Kitchen Hierarchy – The Different Chef Titles Explained

You’re unlikely to come across a lot of French job titles during your quest for employment, that is, unless you’re a chef – cue the French Brigade system (or Brigade de cuisine). All modern professional kitchens run according to a strict hierarchy, with the French Brigade system used in order to ensure the whole operation runs as smoothly as possible. The structure will vary slightly depending on the size and style of the restaurant, however as a chef it’s important to know and understand the many positions held within a professional kitchen. Even if you’re not a chef, knowing what ‘sous chef’ means is a sure fire way to impress your friends while watching Gordon Ramsay’s Kitchen Nightmares.


In the name of logic, we’ll start from the top of the hierarchy and work our way down the chain, explaining the array of titles and what they involve as we go!

Executive Chef (aka Group Chef) –

The very top of the kitchen management structure. Only the largest establishments have an executive chef, and it is primarily a management role; executive chefs are often responsible for the operation of multiple outlets, and thus they do very little actual cooking!  

Head Chef (aka Executive Chef, Chef de Cuisine) –

Chef de Cuisine is the traditional French term, and although it’s slightly more common in European kitchens, head chef is the title that’s used most prevalently around the world. The head chef generally controls the whole kitchen, from managing kitchen staff and controlling kitchen costs to liaising with suppliers and creating the menus. Depending on the restaurant and the individual themselves, much like CEO’s of the corporate world the head chef will often leave much of the day-to-day running of the kitchen to individuals lower down the hierarchy, such as the sous chef.

Sous Chef (aka Second Chef) –

The sous-chef de cuisine is second in command, and translated it literally means ‘under chef’. The role will typically overlap with the head chef’s, but the sous chef will tend to be more hands on and actively involved in the day-to-day running of the kitchen; the sous chef will also fill in for the head chef when they are off, as well as a chef de partie when needed. Some smaller kitchens may not even have a sous chef, while larger operations can have more than one – there are also a few variations that can precede the title to further specify hierarchy; executive, junior or senior.


Chef de Partie (aka Station Chef, Line Chef, Line Cook) –

Ever heard of the expression ‘too many cooks spoil the broth’? This is why chef de parties are a vital part of the brigade system. Each chef de partie is responsible for running a specific section of the kitchen (we’ll cover these below), and they are usually the only worker in that department, although in some larger kitchens each station chef may well have several assistants. Again, this is a term that can have multiple hierarchical precedents, such as junior or senior.

Specific Chef de Partie titles can include the following:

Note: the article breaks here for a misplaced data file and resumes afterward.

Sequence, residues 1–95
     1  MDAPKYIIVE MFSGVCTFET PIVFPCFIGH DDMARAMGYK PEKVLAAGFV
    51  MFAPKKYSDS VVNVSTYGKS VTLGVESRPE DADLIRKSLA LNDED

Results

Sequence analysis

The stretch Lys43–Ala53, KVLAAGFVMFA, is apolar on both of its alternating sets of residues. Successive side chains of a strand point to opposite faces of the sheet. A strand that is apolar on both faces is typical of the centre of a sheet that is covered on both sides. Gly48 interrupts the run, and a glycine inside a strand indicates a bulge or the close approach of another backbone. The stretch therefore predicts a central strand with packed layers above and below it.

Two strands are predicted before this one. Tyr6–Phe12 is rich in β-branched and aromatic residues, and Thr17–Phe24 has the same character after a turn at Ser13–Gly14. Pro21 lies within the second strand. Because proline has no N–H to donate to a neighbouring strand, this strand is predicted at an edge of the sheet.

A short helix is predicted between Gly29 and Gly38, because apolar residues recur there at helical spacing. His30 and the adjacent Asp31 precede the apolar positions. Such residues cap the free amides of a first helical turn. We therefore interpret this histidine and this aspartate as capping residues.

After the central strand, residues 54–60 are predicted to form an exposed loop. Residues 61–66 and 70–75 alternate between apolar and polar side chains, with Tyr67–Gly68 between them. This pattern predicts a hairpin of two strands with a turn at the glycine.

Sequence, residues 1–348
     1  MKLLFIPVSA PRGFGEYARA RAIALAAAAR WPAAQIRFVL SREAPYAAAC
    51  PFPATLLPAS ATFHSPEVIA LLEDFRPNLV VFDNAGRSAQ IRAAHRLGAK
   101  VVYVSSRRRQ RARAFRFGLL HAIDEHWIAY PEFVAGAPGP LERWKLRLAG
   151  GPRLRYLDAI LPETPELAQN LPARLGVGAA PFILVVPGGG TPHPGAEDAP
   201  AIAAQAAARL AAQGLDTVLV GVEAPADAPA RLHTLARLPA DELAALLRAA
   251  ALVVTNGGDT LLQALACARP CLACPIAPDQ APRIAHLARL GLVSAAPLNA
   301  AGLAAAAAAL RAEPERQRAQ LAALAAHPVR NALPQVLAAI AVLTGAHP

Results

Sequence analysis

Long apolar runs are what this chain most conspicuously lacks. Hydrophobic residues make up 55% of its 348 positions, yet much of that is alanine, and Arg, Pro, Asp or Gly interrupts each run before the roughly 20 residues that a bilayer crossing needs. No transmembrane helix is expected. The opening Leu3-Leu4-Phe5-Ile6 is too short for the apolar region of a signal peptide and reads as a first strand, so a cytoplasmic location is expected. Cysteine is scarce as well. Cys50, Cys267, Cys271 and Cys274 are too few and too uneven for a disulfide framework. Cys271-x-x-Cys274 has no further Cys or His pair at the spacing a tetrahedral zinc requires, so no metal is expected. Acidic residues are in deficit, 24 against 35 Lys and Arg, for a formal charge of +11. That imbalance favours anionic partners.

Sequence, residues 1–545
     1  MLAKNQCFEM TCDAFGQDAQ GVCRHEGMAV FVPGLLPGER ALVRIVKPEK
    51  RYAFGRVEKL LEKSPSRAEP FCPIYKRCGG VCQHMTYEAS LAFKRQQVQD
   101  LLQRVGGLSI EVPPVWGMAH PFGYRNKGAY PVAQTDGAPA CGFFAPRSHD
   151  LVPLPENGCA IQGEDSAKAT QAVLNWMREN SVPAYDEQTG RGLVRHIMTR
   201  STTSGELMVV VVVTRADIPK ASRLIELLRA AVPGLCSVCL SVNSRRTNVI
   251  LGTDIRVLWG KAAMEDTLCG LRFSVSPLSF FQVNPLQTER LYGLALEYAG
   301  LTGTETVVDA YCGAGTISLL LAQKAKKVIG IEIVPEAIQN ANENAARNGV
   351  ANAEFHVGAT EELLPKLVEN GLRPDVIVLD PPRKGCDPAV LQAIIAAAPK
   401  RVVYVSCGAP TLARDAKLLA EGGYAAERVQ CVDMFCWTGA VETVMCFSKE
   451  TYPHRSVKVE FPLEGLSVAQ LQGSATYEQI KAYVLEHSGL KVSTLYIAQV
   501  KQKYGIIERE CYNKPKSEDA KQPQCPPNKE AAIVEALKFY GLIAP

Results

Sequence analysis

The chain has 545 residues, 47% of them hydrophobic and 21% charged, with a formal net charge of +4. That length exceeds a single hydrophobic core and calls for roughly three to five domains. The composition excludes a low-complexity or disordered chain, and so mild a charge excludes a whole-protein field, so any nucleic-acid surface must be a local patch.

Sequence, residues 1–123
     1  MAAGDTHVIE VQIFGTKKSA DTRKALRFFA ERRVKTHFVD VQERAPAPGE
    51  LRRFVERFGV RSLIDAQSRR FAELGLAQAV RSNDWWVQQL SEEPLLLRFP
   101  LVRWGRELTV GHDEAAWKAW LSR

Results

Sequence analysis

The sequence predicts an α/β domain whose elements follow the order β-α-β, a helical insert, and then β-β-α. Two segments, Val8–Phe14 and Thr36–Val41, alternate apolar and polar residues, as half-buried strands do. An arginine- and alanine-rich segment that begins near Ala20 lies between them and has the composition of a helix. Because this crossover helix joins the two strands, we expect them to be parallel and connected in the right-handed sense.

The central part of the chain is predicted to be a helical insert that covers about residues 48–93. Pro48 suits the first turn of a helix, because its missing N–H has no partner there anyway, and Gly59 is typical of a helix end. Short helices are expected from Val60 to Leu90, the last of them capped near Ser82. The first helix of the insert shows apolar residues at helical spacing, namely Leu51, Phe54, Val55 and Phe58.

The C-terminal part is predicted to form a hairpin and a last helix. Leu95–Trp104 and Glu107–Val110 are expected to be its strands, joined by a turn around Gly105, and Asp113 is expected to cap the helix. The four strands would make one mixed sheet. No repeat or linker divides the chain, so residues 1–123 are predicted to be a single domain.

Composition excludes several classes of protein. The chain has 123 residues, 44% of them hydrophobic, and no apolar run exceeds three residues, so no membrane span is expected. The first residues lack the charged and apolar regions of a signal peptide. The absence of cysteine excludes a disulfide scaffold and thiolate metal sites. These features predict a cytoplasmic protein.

• Butcher chef (aka boucher) – In charge of preparing meats and poultry before they are delivered to their retrospective stations, the butcher chef may also handle fish and seafood preparations.
  • Fish chef (aka poissonnier) – An expert in the preparation of fish dishes, and often responsible for fish butchering as well as creating the appropriate sauces.
  • Fry chef (aka friturier) – This individual specialises in the preparation of fried food items.
  • Grill chef (aka grillardin) – As the name implies, the master of all foods that require grilling.
  • Pantry chef (aka garde manger) – A pantry chef is responsible for the preparation of cold dishes, such as salads and pâtés.
  • Pastry chef (aka patissier) – The King or Queen of the pastry section; baked goods, pastries and desserts are this chefs forte.
  • Roast chef (aka rotisseur) – Responsible for the preparation of roasted meats and the appropriate sauces.
  • Roundsman (aka chef de tournant, swing cook, relief cook) – Someone who fills in as needed on all of the stations, rather than having a specific job.
  • Sauté chef (aka saucier or sauce chef) – Often the most respected role in the brigade system of stations, reporting directly to the head chef or sous-chef. They’re responsible for sautéing foods, but their most vital role lies within the creation of the sauces and gravies that will accompany other dishes.
  • Vegetable chef (aka entremetier) – Prepares vegetables, soups, starches, and eggs. Larger establishments may employ multiple chefs to work this station. A potager would be in charge of making soups, and a legumier would be in charge of preparing any vegetable dishes.

Commis Chef

A commis is a junior member of staff that works under a chef de partie in order to learn the ins and outs of a specific station, these are often people that have recently completed, or are still undertaking, formal culinary training.

Kitchen Porter (aka Kitchen Assistant or Kitchenhand) –

These are workers that assist with rudimentary tasks within the kitchen, and are less likely to have any formal culinary training. Tasks include basic food preparation such as washing salad and peeling potatoes, in addition to basic cleaning duties.

Dishwasher (aka Escuelerie)

The person responsible for washing dishes and cutlery, and even they get a fancy title! It derives from the word ‘scullery’, which is described as a “small room adjoining a kitchen, in which dishwashing and other kitchen chores are done”.

Now you’re familiar with the different chef roles and what they entail, why don’t you search for your perfect Pub chef role on Morning Advertiser Jobs. Stuck for time? Then set up FREE email job alerts.


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